Twenty-one subjects with asthma underwent treadmill exercise to exhaustion at a workload that elicited ∼90% of each subject's maximal O2 uptake (EX1). After EX1, 12 subjects experienced significant exercise-induced bronchospasm [(EIB+), %decrease in forced expiratory volume in 1.0 s = -24.0 ± 11.5%; pulmonary resistance at rest vs. postexercise = 3.2 ± 1.5 vs. 8.1 ± 4.5 cmH2O·1 -1·s-1] and nine did not (EIB-). The alveolar-to-arterial PO2 difference (A-aDO2) was widened from rest (9.1 ± 6.7 Torr) to 23.1 ± 10.4 and 18.1 ± 9.1 Torr at 35 min after EX1 in subjects with and without EIB, respectively (P < 0.05). Arterial PO2 (PaO2) was reduced in both groups during recovery (EIB+, -16.0 ± -13.0 Torr vs. baseline; EIB-, -11.0 ± 9.4 Torr vs. baseline, P ≤ 0.05). Forty minutes after EX1, a second exercise bout was completed at maximal O2 uptake. During the second exercise bout, pulmonary resistance decreased to baseline levels in the EIB+ group and the A-aDO2 and PaO2 returned to match the values seen during EX1 in both groups. Sputum histamine (34.6 ± 25.9 vs. 61.2 ± 42.0 ng/ml, pre- vs. postexercise) and urinary 9α,11β-prostaglandin F2 (74.5 ± 38.6 vs. 164.6 ± 84.2 ng/mmol creatinine, pre- vs. postexercise) were increased after exercise only in the EIB+ group (P < 0.05), and postexercise sputum histamine was significantly correlated with the exercise PaO2 and A-aDO2 in the EIB+ subjects. Thus exercise causes gas-exchange impairment during the postexercise period in asthmatic subjects independent of decreases in forced expiratory flow rates after the exercise; however, a subsequent exercise bout normalizes this impairment secondary in part to a fast acting, robust exercise-induced bronchodilatory response.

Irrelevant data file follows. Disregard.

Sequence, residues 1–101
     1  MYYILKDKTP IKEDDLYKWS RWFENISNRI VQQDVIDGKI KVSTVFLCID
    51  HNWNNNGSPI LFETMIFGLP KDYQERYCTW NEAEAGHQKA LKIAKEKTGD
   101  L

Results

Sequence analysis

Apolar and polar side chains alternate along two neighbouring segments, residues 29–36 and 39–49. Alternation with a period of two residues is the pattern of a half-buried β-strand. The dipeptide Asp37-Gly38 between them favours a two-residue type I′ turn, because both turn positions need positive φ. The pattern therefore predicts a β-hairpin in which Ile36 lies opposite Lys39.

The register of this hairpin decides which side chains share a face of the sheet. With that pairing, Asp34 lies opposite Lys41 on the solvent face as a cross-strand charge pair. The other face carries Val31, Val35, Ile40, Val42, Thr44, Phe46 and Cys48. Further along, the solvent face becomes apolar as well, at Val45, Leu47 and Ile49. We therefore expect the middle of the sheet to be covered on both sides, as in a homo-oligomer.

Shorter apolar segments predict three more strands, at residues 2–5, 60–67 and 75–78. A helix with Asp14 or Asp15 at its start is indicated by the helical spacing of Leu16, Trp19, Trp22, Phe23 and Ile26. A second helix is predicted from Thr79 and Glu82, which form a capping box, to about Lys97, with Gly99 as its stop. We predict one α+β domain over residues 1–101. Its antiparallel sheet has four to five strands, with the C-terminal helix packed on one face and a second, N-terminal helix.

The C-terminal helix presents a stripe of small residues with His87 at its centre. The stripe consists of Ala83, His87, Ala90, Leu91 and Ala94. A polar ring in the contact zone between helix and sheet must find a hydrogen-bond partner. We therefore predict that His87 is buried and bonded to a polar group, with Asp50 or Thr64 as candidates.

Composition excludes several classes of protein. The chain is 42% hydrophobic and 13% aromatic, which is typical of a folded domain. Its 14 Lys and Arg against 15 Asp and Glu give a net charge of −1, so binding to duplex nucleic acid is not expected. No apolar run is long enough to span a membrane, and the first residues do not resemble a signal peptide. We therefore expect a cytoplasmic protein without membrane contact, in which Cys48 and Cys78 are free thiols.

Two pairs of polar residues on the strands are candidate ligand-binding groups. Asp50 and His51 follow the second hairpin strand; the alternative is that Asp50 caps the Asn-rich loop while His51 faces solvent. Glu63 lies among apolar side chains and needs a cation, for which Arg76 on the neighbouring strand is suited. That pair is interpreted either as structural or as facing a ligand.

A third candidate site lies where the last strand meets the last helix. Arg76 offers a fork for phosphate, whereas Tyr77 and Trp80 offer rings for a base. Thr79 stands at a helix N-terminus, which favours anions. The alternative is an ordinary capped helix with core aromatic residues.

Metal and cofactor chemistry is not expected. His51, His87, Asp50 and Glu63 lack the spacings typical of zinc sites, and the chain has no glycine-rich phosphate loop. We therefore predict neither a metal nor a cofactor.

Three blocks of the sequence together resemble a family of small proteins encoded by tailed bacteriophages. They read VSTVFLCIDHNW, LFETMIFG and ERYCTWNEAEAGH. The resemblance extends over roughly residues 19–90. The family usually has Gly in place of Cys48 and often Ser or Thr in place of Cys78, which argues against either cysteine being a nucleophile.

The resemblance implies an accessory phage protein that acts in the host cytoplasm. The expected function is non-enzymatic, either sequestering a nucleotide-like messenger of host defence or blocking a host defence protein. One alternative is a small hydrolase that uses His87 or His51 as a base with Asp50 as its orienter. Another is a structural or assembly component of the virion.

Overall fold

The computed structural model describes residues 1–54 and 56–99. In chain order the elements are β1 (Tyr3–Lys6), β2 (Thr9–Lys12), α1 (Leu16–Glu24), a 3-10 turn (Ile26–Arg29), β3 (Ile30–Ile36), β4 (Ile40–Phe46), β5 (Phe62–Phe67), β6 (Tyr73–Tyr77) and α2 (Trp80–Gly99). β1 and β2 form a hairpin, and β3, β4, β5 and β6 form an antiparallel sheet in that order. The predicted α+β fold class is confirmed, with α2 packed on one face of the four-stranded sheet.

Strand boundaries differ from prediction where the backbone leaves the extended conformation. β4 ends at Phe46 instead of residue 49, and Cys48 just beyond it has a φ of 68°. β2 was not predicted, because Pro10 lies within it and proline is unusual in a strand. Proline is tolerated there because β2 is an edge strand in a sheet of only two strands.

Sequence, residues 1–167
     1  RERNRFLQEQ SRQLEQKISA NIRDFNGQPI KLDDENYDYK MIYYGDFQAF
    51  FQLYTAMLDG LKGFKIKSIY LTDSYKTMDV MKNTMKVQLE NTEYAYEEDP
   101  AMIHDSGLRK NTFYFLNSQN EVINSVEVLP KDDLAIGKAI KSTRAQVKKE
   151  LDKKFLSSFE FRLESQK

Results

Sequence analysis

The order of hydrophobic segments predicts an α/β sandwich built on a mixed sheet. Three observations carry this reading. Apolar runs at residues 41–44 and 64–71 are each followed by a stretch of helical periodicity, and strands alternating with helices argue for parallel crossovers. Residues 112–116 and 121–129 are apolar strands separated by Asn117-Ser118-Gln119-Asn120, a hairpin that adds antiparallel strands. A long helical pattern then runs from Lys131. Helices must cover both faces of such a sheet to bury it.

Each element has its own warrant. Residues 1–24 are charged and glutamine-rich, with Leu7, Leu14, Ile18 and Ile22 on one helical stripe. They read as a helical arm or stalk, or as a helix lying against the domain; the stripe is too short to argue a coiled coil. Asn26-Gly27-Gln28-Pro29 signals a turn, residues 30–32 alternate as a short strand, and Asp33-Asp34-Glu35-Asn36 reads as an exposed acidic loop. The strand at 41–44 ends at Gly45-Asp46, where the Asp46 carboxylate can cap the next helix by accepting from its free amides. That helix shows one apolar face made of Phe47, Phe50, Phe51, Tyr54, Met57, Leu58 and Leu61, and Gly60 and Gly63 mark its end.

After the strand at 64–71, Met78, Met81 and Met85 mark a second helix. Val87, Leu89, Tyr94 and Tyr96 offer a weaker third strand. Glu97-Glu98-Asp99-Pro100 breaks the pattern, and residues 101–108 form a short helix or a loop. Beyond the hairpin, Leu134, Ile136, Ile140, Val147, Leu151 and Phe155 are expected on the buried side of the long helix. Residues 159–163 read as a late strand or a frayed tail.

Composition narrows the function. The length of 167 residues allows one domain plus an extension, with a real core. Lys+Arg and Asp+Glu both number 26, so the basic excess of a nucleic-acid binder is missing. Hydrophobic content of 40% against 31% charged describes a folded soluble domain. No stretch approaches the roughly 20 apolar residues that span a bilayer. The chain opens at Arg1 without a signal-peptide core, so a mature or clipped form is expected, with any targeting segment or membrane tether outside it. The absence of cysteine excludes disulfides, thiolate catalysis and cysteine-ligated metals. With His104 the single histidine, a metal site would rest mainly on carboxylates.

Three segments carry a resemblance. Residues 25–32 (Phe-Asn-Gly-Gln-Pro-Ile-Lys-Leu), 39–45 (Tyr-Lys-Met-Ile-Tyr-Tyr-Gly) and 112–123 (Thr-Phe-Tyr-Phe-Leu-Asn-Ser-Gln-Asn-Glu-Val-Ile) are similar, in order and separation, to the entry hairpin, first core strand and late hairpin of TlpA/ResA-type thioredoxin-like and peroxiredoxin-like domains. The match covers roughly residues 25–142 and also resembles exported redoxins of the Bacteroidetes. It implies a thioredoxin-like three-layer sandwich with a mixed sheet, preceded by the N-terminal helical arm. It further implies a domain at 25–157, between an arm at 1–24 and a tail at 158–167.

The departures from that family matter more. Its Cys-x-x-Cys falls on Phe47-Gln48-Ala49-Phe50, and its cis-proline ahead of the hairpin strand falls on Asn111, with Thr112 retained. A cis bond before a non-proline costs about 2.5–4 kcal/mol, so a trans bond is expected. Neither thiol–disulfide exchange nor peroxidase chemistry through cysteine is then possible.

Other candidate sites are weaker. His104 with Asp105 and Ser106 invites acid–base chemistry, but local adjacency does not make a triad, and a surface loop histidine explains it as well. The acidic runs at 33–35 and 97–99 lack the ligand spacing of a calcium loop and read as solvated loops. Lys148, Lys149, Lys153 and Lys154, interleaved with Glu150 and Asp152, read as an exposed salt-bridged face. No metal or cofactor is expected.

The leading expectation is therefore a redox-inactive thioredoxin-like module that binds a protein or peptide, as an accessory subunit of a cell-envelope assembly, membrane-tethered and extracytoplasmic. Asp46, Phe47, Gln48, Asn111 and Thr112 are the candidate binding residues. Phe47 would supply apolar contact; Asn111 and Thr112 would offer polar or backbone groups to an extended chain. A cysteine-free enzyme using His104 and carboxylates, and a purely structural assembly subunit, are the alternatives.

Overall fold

- Airway inflammation
- Alveolar-to-arterial oxygen difference
- Exercise-induced bronchospasm
- Pulmonary resistance
ASJC Scopus subject areas
- Physiology (medical)